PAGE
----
Just read this, and worthy as its ideas are, as long as reimbursement is tied to patient satisfaction, the problem will remain and get worse. As long as undertreatment of pain can be "malpractice," the problem will remain and get worse.
In addition, in the ER physicians and nurses both are guilty of failing to educate patients about the potentially addictive qualities of the prescriptions we send them away with. I've treated a lot of people who have had a legitimately hideous injury and been surprised to find themselves addicted to painkillers. I'd argue they're more physically dependent on them, but either way they look difficult to stop taking. Those people are angry, and I don't blame them. "No one told me," they say. "Now I'm a drug addict."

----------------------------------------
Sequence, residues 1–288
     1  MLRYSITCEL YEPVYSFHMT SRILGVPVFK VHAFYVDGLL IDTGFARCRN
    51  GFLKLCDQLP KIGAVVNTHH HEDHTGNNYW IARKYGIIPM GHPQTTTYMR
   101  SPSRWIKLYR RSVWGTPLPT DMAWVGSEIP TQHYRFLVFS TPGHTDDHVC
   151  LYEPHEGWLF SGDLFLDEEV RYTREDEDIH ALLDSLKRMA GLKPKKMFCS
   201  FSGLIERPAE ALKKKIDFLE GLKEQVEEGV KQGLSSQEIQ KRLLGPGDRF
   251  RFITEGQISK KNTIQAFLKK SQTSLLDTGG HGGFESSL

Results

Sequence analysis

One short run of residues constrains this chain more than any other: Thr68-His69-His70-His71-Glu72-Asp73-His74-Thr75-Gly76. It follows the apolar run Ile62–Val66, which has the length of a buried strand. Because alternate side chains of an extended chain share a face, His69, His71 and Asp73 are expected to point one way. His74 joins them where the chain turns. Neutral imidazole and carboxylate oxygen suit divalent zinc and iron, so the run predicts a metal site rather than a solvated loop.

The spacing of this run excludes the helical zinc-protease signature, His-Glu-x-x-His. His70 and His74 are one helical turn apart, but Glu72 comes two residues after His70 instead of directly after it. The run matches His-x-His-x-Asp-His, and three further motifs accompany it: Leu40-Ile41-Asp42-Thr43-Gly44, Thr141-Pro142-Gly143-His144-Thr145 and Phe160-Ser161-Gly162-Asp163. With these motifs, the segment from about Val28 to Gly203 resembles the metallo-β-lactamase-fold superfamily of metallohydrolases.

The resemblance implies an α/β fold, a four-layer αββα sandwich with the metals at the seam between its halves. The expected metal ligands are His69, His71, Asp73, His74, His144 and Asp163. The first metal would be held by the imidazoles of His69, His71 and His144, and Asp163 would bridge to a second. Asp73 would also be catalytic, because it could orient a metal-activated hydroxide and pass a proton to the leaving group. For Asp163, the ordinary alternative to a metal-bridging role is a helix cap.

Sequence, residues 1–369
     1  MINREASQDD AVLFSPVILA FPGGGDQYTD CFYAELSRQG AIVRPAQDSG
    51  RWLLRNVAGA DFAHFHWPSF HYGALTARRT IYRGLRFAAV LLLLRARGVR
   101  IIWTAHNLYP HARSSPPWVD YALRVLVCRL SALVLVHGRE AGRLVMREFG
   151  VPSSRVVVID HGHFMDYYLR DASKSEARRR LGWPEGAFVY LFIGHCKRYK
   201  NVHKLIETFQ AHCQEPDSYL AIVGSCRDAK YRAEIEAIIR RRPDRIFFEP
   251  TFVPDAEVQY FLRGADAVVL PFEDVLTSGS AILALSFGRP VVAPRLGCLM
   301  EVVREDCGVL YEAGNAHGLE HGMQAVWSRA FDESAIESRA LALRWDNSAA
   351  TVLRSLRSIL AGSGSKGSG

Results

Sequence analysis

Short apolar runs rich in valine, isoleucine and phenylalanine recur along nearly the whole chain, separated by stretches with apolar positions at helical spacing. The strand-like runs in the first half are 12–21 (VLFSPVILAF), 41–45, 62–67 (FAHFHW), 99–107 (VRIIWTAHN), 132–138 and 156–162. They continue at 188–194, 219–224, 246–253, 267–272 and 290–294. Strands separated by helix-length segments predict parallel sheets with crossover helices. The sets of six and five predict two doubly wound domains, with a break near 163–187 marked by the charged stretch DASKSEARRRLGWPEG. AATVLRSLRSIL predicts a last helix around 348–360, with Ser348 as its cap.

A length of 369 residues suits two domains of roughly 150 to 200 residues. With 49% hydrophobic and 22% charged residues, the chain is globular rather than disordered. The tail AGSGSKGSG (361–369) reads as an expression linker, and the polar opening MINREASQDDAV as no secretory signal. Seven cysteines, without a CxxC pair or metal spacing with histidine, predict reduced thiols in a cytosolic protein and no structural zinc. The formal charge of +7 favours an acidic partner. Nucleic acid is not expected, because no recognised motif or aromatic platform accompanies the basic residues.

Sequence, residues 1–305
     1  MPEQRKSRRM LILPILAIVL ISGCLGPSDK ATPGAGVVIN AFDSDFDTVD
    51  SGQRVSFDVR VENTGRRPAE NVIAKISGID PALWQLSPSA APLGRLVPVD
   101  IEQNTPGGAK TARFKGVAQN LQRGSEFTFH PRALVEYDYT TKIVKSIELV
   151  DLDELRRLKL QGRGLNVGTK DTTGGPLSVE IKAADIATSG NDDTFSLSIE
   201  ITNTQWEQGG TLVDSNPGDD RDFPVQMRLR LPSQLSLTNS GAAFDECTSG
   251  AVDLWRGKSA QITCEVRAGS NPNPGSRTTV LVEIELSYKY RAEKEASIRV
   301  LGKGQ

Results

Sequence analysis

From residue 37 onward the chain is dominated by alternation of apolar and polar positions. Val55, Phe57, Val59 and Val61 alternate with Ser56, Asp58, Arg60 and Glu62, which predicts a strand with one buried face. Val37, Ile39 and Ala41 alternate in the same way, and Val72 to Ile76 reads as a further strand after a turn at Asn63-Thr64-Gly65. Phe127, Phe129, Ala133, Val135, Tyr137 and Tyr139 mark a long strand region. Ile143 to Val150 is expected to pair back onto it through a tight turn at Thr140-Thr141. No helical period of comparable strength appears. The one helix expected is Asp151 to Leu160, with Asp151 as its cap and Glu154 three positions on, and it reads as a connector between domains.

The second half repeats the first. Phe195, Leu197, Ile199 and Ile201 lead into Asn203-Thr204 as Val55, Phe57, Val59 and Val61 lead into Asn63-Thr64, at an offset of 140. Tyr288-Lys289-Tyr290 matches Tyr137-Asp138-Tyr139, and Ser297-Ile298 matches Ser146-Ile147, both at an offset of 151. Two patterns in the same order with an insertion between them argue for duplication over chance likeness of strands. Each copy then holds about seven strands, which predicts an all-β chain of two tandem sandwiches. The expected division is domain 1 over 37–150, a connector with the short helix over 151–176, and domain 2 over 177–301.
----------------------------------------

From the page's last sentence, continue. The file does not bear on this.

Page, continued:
And I've seen some people who were injured, got hooked, and went down very very dark pathways, ending up on the street shooting up who-knows-what. Often they were upstanding citizens who broke a leg or something and were given Percocet or Lortab. How often does that happen? OFTEN.
We should at least give fair warning. And we give out narcotics like Skittles. I'm not at all surprised at the prescription abuse epidemic. Lortab for everyone! And if they don't get it, they're mad, because they've gotten entitled to having it. Providers write for it just to shut people up. These people throw unbelievable fits.